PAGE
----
The business-buying-decision is heavily biased towards perception of risk as well as understanding the benefits of a business. This means that you must help buyers understand the real risks in your business - you must try to minimise their fear of the unknown. The more they understand the real business risks the easier it is for them to appreciate the benefits.
The benefits for buyers are not only financial. Benefits may include personal success, independence, or self-fulfillment. They are looking for a particular type and size of business that fits their needs, skills and experience as well as their future plans.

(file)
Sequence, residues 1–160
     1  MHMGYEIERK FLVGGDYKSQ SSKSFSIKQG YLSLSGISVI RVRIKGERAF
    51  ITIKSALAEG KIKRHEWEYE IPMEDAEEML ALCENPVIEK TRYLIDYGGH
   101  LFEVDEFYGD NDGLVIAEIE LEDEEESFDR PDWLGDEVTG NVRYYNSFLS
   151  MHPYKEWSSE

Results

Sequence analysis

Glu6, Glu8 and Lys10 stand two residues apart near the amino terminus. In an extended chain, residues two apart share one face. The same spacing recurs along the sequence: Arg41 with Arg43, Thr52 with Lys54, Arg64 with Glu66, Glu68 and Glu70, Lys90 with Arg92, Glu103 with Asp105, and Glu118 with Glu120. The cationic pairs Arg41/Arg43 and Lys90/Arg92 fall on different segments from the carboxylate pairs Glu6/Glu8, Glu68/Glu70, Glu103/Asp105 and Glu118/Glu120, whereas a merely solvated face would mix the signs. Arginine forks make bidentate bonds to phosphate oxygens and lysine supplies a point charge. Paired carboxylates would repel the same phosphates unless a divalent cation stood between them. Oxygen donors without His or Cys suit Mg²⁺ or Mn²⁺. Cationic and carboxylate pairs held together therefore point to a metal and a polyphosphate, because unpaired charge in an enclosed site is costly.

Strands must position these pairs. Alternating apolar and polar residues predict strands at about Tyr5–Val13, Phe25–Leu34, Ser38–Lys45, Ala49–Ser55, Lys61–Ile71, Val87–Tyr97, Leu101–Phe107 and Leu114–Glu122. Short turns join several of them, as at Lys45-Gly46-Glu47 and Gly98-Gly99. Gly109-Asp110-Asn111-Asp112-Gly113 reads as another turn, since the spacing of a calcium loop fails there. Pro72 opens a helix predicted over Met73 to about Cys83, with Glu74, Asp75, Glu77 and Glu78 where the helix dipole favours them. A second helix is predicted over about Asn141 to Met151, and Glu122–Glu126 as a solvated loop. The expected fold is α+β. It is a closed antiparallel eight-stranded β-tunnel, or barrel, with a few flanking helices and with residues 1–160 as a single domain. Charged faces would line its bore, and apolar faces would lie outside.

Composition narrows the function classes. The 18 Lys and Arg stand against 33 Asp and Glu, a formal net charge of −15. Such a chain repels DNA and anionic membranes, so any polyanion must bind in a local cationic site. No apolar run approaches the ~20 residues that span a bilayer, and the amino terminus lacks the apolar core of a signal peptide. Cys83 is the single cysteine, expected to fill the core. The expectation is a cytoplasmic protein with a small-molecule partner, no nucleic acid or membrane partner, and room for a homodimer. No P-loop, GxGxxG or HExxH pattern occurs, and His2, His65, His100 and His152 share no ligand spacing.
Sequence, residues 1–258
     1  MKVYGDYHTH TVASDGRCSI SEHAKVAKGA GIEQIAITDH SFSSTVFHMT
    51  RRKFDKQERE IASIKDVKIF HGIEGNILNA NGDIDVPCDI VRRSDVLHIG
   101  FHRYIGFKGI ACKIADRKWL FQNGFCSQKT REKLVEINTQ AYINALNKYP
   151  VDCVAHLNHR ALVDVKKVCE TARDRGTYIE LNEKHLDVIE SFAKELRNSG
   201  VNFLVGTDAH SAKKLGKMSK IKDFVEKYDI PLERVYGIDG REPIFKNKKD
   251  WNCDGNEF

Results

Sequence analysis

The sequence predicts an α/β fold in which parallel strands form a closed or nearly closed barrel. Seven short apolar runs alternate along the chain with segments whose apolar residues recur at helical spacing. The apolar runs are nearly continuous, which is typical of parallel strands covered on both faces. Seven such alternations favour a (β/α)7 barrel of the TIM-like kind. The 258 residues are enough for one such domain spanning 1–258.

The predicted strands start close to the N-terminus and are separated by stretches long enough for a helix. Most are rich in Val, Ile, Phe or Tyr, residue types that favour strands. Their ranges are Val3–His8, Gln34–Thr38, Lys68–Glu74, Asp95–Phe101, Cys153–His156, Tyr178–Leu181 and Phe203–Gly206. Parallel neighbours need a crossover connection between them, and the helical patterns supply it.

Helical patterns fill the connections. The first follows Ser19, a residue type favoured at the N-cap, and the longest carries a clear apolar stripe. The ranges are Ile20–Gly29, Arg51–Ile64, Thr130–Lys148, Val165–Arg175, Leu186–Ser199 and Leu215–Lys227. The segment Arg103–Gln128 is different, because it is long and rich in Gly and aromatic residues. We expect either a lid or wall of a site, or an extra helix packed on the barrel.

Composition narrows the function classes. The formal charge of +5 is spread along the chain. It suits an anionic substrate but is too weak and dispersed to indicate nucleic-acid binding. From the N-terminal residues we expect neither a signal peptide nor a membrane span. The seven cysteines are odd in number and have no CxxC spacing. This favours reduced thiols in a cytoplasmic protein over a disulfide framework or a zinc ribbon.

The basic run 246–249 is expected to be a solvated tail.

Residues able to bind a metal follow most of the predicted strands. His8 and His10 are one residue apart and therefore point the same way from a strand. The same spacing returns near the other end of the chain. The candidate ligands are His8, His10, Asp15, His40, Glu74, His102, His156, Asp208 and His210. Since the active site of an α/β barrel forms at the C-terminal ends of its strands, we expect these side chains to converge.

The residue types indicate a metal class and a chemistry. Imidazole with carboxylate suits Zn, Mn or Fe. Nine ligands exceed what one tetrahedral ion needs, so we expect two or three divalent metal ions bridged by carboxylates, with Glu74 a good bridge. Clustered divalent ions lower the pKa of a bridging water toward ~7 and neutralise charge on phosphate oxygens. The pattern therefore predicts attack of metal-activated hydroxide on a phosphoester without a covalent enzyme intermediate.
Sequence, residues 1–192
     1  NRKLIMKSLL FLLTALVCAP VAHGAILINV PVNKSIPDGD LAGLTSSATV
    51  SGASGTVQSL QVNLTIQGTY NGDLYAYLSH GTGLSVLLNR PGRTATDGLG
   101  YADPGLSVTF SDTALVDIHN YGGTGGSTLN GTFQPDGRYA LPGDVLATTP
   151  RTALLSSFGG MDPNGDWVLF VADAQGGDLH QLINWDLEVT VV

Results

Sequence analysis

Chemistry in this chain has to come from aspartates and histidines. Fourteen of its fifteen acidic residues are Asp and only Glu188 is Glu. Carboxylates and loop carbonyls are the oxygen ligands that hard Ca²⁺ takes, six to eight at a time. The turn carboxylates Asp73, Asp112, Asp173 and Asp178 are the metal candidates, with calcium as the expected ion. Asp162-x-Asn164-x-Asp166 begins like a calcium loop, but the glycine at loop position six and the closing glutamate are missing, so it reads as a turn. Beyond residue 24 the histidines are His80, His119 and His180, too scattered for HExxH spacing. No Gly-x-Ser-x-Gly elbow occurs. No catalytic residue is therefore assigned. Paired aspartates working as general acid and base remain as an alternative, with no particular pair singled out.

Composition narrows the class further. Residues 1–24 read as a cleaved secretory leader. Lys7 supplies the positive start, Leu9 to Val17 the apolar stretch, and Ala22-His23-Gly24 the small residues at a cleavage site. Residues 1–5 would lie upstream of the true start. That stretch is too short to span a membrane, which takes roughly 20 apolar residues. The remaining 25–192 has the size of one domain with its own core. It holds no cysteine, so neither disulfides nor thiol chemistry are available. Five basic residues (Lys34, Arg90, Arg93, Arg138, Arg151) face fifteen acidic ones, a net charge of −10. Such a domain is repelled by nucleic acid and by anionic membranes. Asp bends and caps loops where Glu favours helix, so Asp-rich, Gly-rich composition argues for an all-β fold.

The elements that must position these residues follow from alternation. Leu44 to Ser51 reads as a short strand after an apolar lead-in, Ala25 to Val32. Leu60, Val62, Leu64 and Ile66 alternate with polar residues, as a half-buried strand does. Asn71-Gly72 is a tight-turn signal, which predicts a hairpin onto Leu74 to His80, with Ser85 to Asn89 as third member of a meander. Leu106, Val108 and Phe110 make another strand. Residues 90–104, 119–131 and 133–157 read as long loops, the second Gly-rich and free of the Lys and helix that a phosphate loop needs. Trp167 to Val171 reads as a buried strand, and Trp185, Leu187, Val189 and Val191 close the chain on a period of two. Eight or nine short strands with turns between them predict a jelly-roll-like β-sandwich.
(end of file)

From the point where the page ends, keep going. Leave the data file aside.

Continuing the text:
A buyer will be concerned about a range of issues. They may be concerned that goodwill and intellectual property are linked to the owner and won’t transfer after a sale - or perhaps the business has a bad reputation in the market. The buyer may perceive the cost of acquiring goodwill as too high.
Then there are human resources issues: what if there is a large turnover in staff after the sale; what if the managers leave; what are the staff’s long service leave, superannuation and workers compensation liabilities.
ABSC uses a model to explain how the two opposing thoughts compete. The overemphasis on risk due to the fear of the unknown creates mistrust. The feelings of mistrust dominate the buyers understanding of the business and their desire to achieve its benefits.
Over the sale period we seek to reduce the buyers’ mistrust and increase their understanding of the benefits. This should help them to make a balanced decision to buy your business.